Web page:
Boating Rules & Safety on Lake Havasu
Lake Havasu City is a great place to live, work, shop, and vacation, but when you're out on the lake, it's important to remember that there are laws governing the waterways and failing to know or follow the laws comes with consequences.
In 2013 there were 108 watercraft accidents in Arizona involving 158 vessels and 86 individuals reporting injuries. The leading causes for accidents over the last 18 years are operator inattention, operator inexperience, passenger/skier behavior, and alcohol (with alcohol being the number one cause of boating deaths). Out of the overall Arizona statistics, Lake Havasu experienced 9 accidents (4 with injuries) and 2 deaths. Simple common sense can make the difference between a fantastic weekend or a potentially negative experience.
Just like driving a vehicle through other states, all boaters, whether from Arizona or coming from another state, are required to know Arizona state and local laws governing the lake. Not only is it the law, it's vital to ensure the safety of all boaters and everyone enjoying the lake.
The best way to begin your boating safety education is to download the following publications:
Published by the U.S. Coast Guard (USCG)
Additionally the AZGFD website is a great place to start to gain important information about boating safety, laws, and regulations.
Reviews.com has easy-to-use interactive maps to find boating laws and regulations for all 50 states.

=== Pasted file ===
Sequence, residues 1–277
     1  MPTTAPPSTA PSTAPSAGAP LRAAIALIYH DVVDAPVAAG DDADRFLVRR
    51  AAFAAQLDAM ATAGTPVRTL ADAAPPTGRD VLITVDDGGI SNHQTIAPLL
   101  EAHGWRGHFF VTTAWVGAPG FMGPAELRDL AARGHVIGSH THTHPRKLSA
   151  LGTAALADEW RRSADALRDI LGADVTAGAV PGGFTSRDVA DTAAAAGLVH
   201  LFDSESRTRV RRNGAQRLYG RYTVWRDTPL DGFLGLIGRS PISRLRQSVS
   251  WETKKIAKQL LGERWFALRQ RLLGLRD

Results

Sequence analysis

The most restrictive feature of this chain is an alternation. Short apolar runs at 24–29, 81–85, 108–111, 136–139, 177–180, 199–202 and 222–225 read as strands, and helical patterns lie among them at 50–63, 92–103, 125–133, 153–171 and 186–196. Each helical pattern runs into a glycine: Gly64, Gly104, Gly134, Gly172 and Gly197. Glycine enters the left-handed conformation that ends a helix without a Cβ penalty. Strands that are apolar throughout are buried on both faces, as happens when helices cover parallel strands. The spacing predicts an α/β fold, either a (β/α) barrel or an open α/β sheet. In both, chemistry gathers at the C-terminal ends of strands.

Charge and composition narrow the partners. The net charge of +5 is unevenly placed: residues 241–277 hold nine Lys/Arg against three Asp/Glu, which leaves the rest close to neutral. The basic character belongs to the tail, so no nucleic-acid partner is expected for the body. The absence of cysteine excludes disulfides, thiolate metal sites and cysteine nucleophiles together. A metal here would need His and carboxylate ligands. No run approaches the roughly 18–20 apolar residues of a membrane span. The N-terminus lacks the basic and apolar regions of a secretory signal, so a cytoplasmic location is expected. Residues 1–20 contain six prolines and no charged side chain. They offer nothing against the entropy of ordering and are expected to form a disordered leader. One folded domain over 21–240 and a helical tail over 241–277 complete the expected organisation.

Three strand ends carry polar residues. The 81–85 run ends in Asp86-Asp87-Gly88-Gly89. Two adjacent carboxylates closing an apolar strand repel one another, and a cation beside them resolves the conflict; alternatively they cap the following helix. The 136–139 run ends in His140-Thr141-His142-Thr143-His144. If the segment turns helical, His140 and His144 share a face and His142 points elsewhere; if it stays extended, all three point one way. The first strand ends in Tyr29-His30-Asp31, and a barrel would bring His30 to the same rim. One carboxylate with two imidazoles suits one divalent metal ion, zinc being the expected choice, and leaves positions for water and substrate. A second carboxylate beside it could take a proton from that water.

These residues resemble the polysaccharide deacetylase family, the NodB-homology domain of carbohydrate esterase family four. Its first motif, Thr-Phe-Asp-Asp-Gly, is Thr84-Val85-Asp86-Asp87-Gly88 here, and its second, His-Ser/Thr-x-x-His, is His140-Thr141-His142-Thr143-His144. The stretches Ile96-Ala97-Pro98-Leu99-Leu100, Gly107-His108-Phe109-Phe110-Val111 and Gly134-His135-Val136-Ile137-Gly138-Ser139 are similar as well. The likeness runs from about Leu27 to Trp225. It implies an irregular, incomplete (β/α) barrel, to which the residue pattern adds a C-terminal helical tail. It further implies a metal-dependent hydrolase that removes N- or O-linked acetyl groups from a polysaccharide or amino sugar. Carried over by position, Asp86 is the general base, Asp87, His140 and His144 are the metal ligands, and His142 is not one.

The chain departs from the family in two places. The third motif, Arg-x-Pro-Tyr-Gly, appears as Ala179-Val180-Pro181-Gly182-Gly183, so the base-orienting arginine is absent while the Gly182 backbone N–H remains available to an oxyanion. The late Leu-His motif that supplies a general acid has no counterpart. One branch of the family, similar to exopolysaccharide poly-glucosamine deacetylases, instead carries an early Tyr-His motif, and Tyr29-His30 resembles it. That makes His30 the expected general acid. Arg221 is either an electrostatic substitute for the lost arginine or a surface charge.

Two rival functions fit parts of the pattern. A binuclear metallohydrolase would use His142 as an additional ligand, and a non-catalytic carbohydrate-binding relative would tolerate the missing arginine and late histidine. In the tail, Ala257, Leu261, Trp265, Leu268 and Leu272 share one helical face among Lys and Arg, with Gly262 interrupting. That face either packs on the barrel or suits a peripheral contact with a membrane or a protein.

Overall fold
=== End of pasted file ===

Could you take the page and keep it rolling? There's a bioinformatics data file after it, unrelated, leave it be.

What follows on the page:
Please be aware that this section is very comprehensive, and for good reason. There are three agencies of law that all boaters in Arizona are regulated by:
This section of our website is dedicated to breaking down the very comprehensive law into layman's terms. However, it is advised that if you don't understand any law or statute that applies to you, to contact the appropriate agency for clarification.
If you're a new or novice boater, it's recommended that you take a boating safety class to get you oriented with the basics of boating. "Boaters who have completed a National Association of State Boating Law Administrator (NASBLA)-approved course, certified by the state in which they reside, are 70 percent less likely to be involved in a boating accident." (excerpt from the AZGFD website). According to 2013 AZGFD statistics, 158 watercraft operators were involved in an accident. Of those, 108 people involved in an accident had no boating education.
The AZGFD's Boating Safety Education courses can be done either online or in a classroom setting and include instruction on the basic skills required to safely operate a boat or PWC, trailering your vessel, navigational rules, buoys, anchoring, legal requirements, boating emergencies, watersports, and paddling (click here for more information). Most insurance companies offer a discount on your boat or PWC insurance rate for completing a boating safety course. Boating safety education classes are available year-round and statewide.
Call 623-236-7235 or toll free 800-824-2456 for more information.
Legally required equipment (Federal, state, and local laws)
All watercraft vessels are legally required to carry or have installed on their vessel certain equipment. Details after each item link to the corresponding state law. The Arizona Revised Statutes are also supplemented by the AZGFD's Commission Rules and the U.S. Coast Guard Federal Regulations, so all resources should be utilized when reviewing the law. The list below pertains to most watercraft on Lake Havasu.
- Wearable Personal Flotation Devices (Life Vests): Coast Guard-approved, Type I, II, III or V, and one for each occupant on board. The life vests must be easily accessible and in good working order (A.R.S. §5-331).